BY HIS emphasis on the Catholic Church being “of and for the poor” Pope Francis has adopted a perspective of the Latin American theology of liberation. That theology makes a radical challenge to many of the comfortable presuppositions of bourgeois Western Catholicism. The challenge goes far deeper than asking, for instance, whether there are circumstances where divorced and remarried Catholics may receive Holy Communion. It calls into question the whole idea of sin as something purely private and personal, and makes it largely social and political.
In a neglected section of Amoris Laetitia, Pope Francis redefines one of the most familiar principles of everyday Catholic life: that Catholics who unworthily eat and drink the Body and Blood of Our Lord “eat and drink judgment on themselves”. It comes from St Paul’s first letter to the Corinthians, 11: 17-34: “Whoever eats the bread or drinks the cup of the Lord in an unworthy manner will be guilty of sinning against the body and blood of the Lord”.
Generations of Catholics have been taught that this “unworthiness” refers to sins of the flesh, adultery, fornication and so on. It was given as the reason why divorced Catholics in second marriages – living in a state which could objectively equate to adultery – should not receive Communion. This is not the interpretation Pope Francis gives it.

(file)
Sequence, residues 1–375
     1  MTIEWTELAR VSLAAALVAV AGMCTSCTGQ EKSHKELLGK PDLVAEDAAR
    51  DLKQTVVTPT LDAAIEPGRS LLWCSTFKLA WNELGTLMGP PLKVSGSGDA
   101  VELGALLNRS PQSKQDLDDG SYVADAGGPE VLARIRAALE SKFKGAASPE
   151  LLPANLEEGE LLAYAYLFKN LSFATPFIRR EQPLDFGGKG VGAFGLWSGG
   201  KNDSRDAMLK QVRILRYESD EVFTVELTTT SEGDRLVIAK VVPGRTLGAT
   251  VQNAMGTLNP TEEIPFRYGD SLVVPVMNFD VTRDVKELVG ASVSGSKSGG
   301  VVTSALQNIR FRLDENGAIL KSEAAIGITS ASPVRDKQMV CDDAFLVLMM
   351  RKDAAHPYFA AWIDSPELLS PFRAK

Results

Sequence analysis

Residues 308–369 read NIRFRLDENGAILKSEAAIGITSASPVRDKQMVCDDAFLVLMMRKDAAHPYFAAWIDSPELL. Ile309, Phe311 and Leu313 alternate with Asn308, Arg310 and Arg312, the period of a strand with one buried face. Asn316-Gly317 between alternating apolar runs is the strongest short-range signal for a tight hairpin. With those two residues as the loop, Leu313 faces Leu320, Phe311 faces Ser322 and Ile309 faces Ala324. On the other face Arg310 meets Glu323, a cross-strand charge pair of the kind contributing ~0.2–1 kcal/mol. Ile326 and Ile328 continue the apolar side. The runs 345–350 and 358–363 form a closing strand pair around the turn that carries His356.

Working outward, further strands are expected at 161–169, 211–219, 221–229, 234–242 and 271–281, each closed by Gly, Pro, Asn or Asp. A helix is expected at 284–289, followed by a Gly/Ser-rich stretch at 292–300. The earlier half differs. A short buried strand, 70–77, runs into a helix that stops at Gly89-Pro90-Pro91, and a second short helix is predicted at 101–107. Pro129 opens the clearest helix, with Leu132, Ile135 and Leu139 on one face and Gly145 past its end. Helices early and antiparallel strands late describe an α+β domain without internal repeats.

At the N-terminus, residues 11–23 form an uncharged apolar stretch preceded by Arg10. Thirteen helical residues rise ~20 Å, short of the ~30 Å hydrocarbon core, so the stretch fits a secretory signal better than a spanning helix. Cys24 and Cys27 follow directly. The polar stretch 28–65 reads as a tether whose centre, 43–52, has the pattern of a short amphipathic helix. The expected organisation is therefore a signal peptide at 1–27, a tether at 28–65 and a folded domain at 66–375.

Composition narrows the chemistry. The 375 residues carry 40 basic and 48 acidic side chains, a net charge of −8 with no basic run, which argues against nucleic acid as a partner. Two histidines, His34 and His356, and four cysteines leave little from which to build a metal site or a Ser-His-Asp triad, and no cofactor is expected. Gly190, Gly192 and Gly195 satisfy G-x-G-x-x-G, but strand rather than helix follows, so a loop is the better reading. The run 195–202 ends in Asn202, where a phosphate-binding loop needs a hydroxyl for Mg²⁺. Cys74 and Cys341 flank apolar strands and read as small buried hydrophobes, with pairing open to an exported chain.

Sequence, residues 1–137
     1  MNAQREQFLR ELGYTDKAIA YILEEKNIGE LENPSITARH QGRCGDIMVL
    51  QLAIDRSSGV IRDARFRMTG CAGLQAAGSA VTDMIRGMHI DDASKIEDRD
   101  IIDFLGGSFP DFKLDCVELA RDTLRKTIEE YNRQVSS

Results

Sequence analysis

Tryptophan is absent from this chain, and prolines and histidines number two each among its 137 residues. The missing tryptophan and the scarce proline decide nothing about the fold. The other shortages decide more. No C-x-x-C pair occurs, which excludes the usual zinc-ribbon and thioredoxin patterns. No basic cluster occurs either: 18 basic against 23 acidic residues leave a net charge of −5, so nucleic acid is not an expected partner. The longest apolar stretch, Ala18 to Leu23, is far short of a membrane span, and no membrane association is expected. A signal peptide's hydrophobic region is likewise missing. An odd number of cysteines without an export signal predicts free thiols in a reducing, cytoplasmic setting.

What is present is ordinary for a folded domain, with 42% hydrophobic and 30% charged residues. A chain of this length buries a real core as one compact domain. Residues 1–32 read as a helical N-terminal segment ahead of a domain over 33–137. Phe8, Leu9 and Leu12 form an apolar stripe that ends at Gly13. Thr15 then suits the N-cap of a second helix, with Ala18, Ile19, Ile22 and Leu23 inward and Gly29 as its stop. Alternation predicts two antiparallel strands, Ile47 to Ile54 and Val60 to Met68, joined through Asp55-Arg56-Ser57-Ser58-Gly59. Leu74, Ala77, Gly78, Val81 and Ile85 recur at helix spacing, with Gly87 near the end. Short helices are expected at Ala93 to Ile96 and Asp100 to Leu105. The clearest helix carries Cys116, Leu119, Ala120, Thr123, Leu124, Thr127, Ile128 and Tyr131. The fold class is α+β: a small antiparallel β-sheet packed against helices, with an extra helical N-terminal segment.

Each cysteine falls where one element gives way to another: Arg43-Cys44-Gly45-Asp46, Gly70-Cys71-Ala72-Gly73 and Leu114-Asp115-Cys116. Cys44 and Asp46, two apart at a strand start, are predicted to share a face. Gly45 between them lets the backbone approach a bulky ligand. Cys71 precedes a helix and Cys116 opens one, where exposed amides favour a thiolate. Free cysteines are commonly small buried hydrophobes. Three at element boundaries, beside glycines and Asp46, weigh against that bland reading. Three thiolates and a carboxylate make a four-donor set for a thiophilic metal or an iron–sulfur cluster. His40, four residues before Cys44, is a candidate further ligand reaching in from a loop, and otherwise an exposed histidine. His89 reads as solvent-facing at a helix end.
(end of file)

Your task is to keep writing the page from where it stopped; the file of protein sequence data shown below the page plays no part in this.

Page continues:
In Amoris Laetitia paragraphs 185 and 186 he writes: “We do well to take seriously a biblical text usually interpreted outside of its context or in a generic sense, with the risk of overlooking its immediate and direct meaning, which is … social”. St Paul was addressing a scandalous situation among wealthy Corinthian Christians, he explains, who were excluding the poor from their tables. They were failing to “discern” that in the Body of Christ, the Church, there was no distinction between rich and poor.
“We must not forget that the ‘mysticism’ of the sacrament has a social character”, Pope Francis writes. “When those who receive it turn a blind eye to the poor and suffering, or consent to various forms of division, contempt and inequality, the Eucharist is received unworthily”. On the other hand, he goes on, families who are properly disposed and receive the Eucharist regularly, reinforce their desire for fraternity, and their commitment to those in need.
In the theology of liberation sin is primarily about the powerful and wealthy dominating and oppressing the poor and weak. This departs from a theology of sin going back to Augustine and Aquinas, which is mainly concerned with what sin does to the sinner. Liberation theology, in contrast, is attentive to what sin does to its victims. The sins in question are social and economic; and often they are structural.
There is no mention of sins of the flesh in the passage from 1 Corinthians. Pope Francis does not condone them. But he does not see them as the acid test of Christianity. That lies elsewhere – in the more difficult challenge to love one’s neighbor as oneself. What makes a Christian life?
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